In his debut feature as director, actor Stephen Moyer (True Blood, The Double) offers a decently put together and beautifully acted family drama which seems to tick all the right boxes thematically, but sadly fails to completely convince due to its overwrought and slightly-too-meandering screenplay. Written by actor turned screenwriter Denis O’Hare (True Blood, American Horror Story), The Parting Glass follows a day in the life of a group of adult siblings and their father, as they come to terms with the tragic death of their troubled youngest sister, played by Moyer and O’Hare’s HBO True Blood co-star Anna Paquin (The Piano, Jane Eyre).
The film opens on a scene which sees Mare (Cynthia Nixon) driving her Sister Al (Melissa Leo) and their actor brother Daniel (Denis O’Hare) to meet their father (Ed Asner) as they make their way to their recently deceased sister Colleen (Paquin)’s apartment in a small Missouri town to help pack her belongings. Joined by Colleen’s estranged husband Karl (Rhys Ifans), the disjointed convoy of over-talkative and scrapping mourners moves at a slow pace making frequent pit-stops to argue and bicker some more. On their way, secrets are revealed and tempers fly as Karl comes to realise that he has never really been considered part of the family and finds himself constantly shut out by their in-jokes and cliquey behaviour towards him.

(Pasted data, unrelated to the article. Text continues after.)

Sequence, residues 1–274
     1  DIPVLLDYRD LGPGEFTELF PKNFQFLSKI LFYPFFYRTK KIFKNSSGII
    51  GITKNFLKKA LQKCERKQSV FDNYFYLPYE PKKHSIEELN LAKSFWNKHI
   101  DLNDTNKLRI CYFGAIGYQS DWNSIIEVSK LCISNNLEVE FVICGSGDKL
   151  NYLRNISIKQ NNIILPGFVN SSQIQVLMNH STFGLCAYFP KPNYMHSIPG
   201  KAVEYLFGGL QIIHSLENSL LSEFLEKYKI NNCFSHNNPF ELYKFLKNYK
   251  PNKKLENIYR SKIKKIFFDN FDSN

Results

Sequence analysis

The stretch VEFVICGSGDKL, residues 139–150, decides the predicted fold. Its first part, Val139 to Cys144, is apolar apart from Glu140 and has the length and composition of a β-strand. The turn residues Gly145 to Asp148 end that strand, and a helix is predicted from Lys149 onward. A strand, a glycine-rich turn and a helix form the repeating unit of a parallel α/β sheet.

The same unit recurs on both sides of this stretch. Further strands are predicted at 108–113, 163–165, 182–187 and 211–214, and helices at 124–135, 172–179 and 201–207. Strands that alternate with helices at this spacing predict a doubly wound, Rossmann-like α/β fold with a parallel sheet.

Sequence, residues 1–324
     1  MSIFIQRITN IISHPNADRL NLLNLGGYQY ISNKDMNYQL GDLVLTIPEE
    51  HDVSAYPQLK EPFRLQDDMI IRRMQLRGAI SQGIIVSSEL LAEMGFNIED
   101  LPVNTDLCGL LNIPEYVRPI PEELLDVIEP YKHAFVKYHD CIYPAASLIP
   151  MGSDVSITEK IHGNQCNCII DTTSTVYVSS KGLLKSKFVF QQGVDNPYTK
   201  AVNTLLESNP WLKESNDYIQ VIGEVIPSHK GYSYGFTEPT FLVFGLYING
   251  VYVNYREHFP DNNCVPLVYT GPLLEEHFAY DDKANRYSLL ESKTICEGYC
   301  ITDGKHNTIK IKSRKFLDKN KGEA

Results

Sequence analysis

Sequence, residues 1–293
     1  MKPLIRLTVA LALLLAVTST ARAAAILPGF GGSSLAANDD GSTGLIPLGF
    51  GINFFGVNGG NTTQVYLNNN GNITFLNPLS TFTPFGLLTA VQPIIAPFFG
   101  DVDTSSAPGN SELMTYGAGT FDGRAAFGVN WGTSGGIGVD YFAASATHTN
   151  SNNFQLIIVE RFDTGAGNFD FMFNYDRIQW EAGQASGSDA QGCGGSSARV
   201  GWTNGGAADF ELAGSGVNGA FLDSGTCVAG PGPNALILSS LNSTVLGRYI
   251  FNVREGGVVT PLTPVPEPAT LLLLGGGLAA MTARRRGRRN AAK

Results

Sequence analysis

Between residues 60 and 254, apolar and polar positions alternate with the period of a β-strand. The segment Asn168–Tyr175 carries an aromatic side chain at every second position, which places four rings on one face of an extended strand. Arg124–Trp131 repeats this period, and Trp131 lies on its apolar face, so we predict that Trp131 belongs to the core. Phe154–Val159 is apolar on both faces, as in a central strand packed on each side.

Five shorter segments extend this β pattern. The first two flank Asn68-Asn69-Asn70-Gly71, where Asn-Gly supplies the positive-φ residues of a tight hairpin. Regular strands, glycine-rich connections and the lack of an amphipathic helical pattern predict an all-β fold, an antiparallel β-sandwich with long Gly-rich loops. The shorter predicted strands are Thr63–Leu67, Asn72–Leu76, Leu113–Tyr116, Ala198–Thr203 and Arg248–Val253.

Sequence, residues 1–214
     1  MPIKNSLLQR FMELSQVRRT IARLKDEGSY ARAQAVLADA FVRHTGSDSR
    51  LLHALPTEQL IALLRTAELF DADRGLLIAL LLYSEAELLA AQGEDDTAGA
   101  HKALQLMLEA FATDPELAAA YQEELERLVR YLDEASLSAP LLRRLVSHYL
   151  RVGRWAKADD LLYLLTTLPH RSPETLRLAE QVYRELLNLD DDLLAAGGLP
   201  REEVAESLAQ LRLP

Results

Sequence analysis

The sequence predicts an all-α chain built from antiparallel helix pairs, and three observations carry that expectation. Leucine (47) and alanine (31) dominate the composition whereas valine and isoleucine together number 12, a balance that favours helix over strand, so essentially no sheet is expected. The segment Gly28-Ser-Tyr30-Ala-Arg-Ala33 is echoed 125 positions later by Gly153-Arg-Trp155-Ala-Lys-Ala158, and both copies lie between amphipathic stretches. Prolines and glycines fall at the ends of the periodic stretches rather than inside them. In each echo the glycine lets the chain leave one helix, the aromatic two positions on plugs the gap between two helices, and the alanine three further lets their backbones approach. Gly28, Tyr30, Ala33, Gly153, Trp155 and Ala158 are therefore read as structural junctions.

Perhaps the most positive aspects of the film is its unwillingness to spell out everything for its audiences. Manoeuvring the big event with a huge deal of tenderness towards their protagonists, Moyer and O’Hare succeed in instilling a sense of realism to the proceedings, all the while allowing their cast ample freedom to interpret their roles the way they chose to. While this sometimes results in a degree of self-indulgent overacting, mostly from O’Hare himself, the rest of the film benefits greatly from its free-flowing dialogue and adlibs.
With frequent use of flashbacks featuring Paquin, whom Moyer chose to film in an almost ethereal fashion with her face never quite fully on screen, The Parting Glass does a great job in delivering a great story, but is ultimately let down by its overly sentimental and rather indulgent denouement which, if one is completely honest, could have arrived at least 15 minutes earlier.
Overall, the film presents a perfect showcase for some of the most accomplished actors of their generation, and is further elevated by the simplicity of its subject matter. Having said that, it would have been far more efficient to have add little more structure to the story. In any case, and for a first feature from both writer and director, The Parting Glass does exactly what is expected from it, even if it fails to completely convince in the end.